Hit the Books with Dan Milnor: Snapshot Photography Tips

I just bought another camera. I’m not proud of it, but it seemed like the thing to do at the time. I’ve spent the better part of my adult life telling people the camera doesn’t matter—that whatever you have will work. But the camera does make a difference when it comes to certain things. Certain things are critical to the image-making process. 

People get bogged down in megapixels and frames-per-second, but the camera size is far more important in my mind. Do you want to carry it or not? A large camera that gets left at home might not be the best idea if photography is something you want to practice.

My new camera is tiny. It literally fits in the palm of my hand, which might make someone think it’s not a serious camera, but it is. The file size is only 26 megapixels, but that works just fine for me. The autofocus is solid, the viewfinder works in all kinds of light, and the camera does many things I’ll never need or want it for. The best part is it’s always with me because it’s so small and light.

Snapshots still matter

Snapshot of a sailboat sailing in the sunset.

One of the things I love most about this camera is that it works wonderfully for snapshot photography. The snapshot has a long history in photography but is also a style of image that’s the subject of ridicule among serious photographers. 

I see the snapshot in a very different light. 

I think snapshots are just as important as any other kind of image. I’ll explain why, but first, let me define “snapshot.”

Snapshots offer freedom

Snapshot of a fisherman holding a fish.

Oxford Languages says a snapshot is “an informal photograph taken quickly, typically with a small, handheld camera.” Well, there you have it: a small, handheld camera. But let’s revisit the first part of this definition. “An informal photograph…” 

Sometimes, as consumers and professional photographers, we get too serious about being serious. Sometimes, we try to make everything more significant than it really is. 

If you’re a professional surviving off your talents as an image-maker, it’s very easy to fall prey to only making work that contributes to or defines you as a photographer. Take it from me—someone with 30 years of professional photography experience—this is incredibly stifling.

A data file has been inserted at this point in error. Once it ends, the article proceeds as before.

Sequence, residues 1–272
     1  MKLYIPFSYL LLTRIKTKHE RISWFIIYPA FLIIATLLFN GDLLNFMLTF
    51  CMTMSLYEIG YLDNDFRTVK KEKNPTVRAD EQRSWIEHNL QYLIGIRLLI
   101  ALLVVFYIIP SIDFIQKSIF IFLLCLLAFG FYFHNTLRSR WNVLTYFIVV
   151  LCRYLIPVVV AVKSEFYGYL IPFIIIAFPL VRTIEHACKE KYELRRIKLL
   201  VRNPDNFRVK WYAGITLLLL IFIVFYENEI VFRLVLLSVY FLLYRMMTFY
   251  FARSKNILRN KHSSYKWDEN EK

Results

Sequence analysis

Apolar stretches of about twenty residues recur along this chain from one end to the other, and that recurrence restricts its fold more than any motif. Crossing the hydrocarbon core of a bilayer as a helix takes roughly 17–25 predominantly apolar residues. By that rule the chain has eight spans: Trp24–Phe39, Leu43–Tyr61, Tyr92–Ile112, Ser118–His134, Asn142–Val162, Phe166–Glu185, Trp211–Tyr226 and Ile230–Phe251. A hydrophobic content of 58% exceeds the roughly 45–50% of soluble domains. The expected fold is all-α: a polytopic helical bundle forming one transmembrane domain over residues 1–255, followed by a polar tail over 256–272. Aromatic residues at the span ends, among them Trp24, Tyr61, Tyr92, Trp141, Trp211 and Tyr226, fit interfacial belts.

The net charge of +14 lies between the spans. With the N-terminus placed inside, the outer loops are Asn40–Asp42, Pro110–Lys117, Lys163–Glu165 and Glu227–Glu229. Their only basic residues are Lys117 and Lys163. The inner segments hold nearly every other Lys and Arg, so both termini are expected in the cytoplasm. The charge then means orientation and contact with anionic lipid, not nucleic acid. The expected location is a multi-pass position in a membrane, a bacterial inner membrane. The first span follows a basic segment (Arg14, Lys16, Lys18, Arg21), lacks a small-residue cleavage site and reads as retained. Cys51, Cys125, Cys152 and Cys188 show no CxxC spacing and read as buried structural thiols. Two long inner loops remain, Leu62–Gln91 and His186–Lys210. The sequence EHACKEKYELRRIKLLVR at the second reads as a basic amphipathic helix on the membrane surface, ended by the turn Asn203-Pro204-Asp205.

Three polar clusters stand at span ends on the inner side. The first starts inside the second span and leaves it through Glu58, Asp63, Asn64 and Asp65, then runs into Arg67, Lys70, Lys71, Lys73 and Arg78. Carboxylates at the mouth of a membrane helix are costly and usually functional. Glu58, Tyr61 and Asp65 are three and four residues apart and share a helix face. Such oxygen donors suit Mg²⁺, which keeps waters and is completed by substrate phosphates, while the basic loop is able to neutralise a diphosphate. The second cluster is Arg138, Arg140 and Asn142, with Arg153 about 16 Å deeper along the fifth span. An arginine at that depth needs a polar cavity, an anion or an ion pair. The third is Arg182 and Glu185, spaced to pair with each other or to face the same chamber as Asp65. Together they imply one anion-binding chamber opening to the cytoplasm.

Snapshots represent photographic freedom. These images are the postcards of our lives. They aren’t meant to define anything or anyone but rather to simply record the endless moments that form the tapestry of human existence.

Snapshot photography is everywhere, and it exists in good light, bad light, out-of-focus fuzziness, and accidental gems. There is no right or wrong with a snapshot. There is no rule to follow or procedure to employ. Snapshots are personal sketches.

A little snapshot story

Several weeks ago, my wife and I dug out an ancient slide projector and looked through tray after tray of images that her 86-year-old uncle had captured. Even though he was the family’s visual historian, he was a snapshot photographer. 

There wasn’t a single overly sophisticated image in the lot, but guess what? The images were incredible, not to mention hilarious, and functioned perfectly as the highlight reel of their family. Within 10 minutes of seeing the first image, both my wife and her uncle were laughing and crying.

Don’t mobile phones take snapshots? Umm, no.

You could easily argue that the mobile phone is the ultimate tool for snapshot photography, and it surely does function well in this role. Still, I would argue there is something different about a snapshot made with a phone versus one made with a camera that requires the user to hold it to their face while looking through a viewfinder. 

This isn’t about better or worse. This is about something different. 

The narrow, tunnel-like feel of the viewfinder works to eliminate distraction. With a camera, there are no text messages, phone calls, or social media apps. There is only what lives inside that viewfinder. 

But whatever tool you choose, just remember that making snapshots is the key element. Just snap away, no judgment. Your snapshots, your life.


Dan Milnor, professional photographer and Blurb creative evangelist, is all about sharing his photography and bookmaking expertise. Are you ready to turn your photography into a photo book? Join us at Blurb.

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